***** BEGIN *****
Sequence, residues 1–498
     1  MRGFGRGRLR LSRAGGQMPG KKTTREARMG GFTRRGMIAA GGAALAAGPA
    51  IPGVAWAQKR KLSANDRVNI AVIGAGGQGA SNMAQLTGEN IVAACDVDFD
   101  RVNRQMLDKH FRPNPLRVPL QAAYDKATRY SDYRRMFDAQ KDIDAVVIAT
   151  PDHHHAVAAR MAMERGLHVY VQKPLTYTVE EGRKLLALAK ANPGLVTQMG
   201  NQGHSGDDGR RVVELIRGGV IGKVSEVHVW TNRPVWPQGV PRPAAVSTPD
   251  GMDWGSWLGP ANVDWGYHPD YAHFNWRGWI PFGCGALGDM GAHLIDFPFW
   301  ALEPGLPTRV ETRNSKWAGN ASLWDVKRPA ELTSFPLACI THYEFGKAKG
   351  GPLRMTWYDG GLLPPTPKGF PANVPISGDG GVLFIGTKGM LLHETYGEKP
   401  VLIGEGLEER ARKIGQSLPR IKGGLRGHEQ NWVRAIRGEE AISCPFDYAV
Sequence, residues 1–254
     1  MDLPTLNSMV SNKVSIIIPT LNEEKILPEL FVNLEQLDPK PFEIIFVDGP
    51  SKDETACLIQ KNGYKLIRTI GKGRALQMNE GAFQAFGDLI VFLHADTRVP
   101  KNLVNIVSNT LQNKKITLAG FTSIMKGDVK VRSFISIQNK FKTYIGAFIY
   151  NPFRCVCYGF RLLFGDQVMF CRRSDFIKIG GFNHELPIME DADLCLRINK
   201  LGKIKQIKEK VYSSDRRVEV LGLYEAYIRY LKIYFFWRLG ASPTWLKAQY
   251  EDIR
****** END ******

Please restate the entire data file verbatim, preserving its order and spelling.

Sequence, residues 1–498
     1  MRGFGRGRLR LSRAGGQMPG KKTTREARMG GFTRRGMIAA GGAALAAGPA
    51  IPGVAWAQKR KLSANDRVNI AVIGAGGQGA SNMAQLTGEN IVAACDVDFD
   101  RVNRQMLDKH FRPNPLRVPL QAAYDKATRY SDYRRMFDAQ KDIDAVVIAT
   151  PDHHHAVAAR MAMERGLHVY VQKPLTYTVE EGRKLLALAK ANPGLVTQMG
   201  NQGHSGDDGR RVVELIRGGV IGKVSEVHVW TNRPVWPQGV PRPAAVSTPD
   251  GMDWGSWLGP ANVDWGYHPD YAHFNWRGWI PFGCGALGDM GAHLIDFPFW
   301  ALEPGLPTRV ETRNSKWAGN ASLWDVKRPA ELTSFPLACI THYEFGKAKG
   351  GPLRMTWYDG GLLPPTPKGF PANVPISGDG GVLFIGTKGM LLHETYGEKP
   401  VLIGEGLEER ARKIGQSLPR IKGGLRGHEQ NWVRAIRGEE AISCPFDYAV
Sequence, residues 1–254
     1  MDLPTLNSMV SNKVSIIIPT LNEEKILPEL FVNLEQLDPK PFEIIFVDGP
    51  SKDETACLIQ KNGYKLIRTI GKGRALQMNE GAFQAFGDLI VFLHADTRVP
   101  KNLVNIVSNT LQNKKITLAG FTSIMKGDVK VRSFISIQNK FKTYIGAFIY
   151  NPFRCVCYGF RLLFGDQVMF CRRSDFIKIG GFNHELPIME DADLCLRINK
   201  LGKIKQIKEK VYSSDRRVEV LGLYEAYIRY LKIYFFWRLG ASPTWLKAQY
   251  EDIR